Author: Diane Dean, RN, LPC
One last email. One more page. Within the quick-paced race of contemporary life, sleep is often the activity that ends up getting the short end of the stick. While we all can relate to the concentration-depleting effects of getting too little shut eye, who knew that poor sleep had such far-reaching effects when it comes to health? Although scientists still dispute the precise biological reasons for sleep, we know that sleep is great medicine. Many detrimental side effects, beyond just feeling a bit groggy and loopy during the next day, result from chronic sleep deprivation. For instance, difficulty focusing, lapses in both attention and short-term memory, and even depressive tendencies can occur. Without consistently getting enough sleep, you can also suffer more significant medical complications over the long run.
Lack of sleep can cause elevated levels of stress hormones in the blood, particularly cortisol. Normally, cortisol levels begin to decrease in the evening as the body prepares for sleep. However, in sleep-deprived individuals, evening cortisol levels are much higher than well-rested individuals. These stress hormones act upon the body to increase blood pressure. Therefore, hypertension, which can lead to serious complications later in life, such as heart failure and strokes, results from chronic sleep deprivation.
Lack of sleep also packs on the pounds. Simply being awake for longer periods of time allows for more opportunities to snack, in addition to having less energy the following day for exercise. Hormones controlling appetite shift to abnormal levels even after just one sleep-deprived night. Leptin, a hormone, inhibits our appetite, and leptin levels in sleep-deprived individuals remain lower, leading to an increased appetite. Furthermore, a hormone called ghrelin, which induces hunger, increases after sleep deprivation. All of these factors combined may contribute to the positive association between sleep deprivation and an increased body mass index (BMI).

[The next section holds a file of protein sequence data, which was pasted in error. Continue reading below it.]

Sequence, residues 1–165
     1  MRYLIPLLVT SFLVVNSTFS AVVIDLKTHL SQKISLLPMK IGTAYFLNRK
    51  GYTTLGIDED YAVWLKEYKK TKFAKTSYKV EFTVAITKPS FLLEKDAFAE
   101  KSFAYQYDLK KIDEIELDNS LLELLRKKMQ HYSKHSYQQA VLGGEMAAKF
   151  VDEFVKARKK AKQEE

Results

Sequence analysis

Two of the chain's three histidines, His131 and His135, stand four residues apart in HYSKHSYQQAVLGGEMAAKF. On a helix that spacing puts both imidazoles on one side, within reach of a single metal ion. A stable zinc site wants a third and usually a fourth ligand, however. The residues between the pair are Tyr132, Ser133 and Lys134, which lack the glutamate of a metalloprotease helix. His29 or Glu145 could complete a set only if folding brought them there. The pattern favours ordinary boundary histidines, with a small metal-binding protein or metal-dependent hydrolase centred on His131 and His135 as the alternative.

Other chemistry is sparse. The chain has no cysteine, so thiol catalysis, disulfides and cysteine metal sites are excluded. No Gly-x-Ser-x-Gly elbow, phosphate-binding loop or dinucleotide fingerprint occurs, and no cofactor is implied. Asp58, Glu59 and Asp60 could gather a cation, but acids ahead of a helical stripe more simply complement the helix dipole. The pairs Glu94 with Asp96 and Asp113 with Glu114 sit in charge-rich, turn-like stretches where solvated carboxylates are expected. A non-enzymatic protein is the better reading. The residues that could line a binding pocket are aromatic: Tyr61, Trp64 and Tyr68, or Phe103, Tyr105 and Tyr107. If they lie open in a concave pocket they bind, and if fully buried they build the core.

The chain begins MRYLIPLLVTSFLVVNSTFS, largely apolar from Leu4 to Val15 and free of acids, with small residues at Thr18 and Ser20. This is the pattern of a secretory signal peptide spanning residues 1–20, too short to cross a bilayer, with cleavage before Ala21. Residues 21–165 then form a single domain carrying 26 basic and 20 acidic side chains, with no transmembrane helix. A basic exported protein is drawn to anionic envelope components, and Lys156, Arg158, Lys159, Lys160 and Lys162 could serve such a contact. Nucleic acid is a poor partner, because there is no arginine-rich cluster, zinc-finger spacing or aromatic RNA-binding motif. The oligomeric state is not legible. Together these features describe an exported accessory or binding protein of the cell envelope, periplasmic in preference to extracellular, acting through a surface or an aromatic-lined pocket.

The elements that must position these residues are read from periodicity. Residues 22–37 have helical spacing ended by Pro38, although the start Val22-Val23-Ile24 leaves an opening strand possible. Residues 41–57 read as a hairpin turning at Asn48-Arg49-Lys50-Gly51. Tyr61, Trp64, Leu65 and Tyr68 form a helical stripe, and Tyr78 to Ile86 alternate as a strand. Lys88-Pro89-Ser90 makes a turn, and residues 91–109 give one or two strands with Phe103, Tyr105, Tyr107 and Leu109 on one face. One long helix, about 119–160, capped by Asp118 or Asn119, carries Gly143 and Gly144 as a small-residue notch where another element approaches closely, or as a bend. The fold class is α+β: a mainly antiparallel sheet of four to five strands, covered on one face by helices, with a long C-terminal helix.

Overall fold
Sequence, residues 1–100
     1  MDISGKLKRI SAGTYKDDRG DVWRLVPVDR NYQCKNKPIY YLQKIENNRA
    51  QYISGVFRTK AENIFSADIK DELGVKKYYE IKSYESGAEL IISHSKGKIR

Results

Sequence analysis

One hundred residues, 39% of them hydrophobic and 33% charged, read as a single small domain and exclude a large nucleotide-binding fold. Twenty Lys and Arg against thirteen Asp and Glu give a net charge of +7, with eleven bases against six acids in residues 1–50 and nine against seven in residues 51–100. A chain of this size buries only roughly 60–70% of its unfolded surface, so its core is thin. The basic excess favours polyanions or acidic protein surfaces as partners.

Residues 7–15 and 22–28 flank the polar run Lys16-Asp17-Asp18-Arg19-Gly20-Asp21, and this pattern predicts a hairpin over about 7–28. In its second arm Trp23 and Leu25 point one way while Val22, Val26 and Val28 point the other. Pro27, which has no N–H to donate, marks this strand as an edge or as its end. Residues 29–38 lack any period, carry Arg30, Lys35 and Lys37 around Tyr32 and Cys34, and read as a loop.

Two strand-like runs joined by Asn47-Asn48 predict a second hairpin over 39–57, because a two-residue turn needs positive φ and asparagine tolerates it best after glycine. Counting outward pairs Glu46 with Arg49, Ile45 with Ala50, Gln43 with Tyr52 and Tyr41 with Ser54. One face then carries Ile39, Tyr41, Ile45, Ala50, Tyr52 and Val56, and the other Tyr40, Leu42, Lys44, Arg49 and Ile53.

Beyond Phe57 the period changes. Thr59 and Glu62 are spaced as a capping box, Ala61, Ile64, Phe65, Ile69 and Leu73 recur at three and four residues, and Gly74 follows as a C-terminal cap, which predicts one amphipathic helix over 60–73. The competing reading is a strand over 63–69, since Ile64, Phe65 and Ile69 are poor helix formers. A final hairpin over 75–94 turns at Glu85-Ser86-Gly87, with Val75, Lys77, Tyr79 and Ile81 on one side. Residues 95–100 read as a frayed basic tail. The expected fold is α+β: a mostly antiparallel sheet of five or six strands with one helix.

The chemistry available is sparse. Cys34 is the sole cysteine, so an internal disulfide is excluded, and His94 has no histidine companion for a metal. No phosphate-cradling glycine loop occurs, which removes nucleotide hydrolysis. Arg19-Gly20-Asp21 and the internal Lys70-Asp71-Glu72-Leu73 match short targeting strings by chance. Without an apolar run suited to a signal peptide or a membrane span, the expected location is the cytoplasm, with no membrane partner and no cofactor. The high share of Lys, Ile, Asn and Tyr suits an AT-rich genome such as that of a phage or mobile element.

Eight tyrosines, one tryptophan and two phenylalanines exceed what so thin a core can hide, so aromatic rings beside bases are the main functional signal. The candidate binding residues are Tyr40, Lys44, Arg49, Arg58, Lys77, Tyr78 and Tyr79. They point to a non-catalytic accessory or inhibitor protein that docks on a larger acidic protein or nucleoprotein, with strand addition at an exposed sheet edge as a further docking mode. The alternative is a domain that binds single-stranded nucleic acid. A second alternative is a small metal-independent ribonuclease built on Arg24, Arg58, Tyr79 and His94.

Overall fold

The correlation between diabetes and sleep deprivation is a bit harder to sort out. At the very least, obesity serves as a serious risk factor for developing Type II Diabetes, and lack of sleep can lead to obesity. However, sleep-deprived subjects remained more resistant to insulin than individuals receiving a proper amount of sleep, even after only a few days. This may arise from several pathways. Primarily, the stress hormone cortisol also serves to increase the body’s resistance to insulin, mimicking a pre-diabetic state. A recent study conveys a shocking result--that individuals who only received 4.5 hours of sleep a night for one week had 30% higher insulin resistance than participants who were allowed to sleep for 8.5 hours a night.
Most scientists who study sleep agree that these risks can be mitigated simply by making sleep a priority and being sure to grab around eight hours a night. It can help to remove “stimulating factors” – such as laptops, TVs, and other electronics – from your place of slumber. Also, limiting your intake of beverages containing either caffeine or alcohol will make falling asleep easier. In addition, there are many herbal and mineral supplements that function as sleep aids. St. John’s wort is a perennial herb that, in addition to alleviating insomnia in some cases, is also thought to help treat depression.3 Melatonin supplements have also been shown to promote healthy sleep4, as melatonin is a hormone that regulates the circadian rhythm. Sleep, glorious sleep. Regardless of whichever method you choose to procure a good night’s rest, your body and longevity will thank you!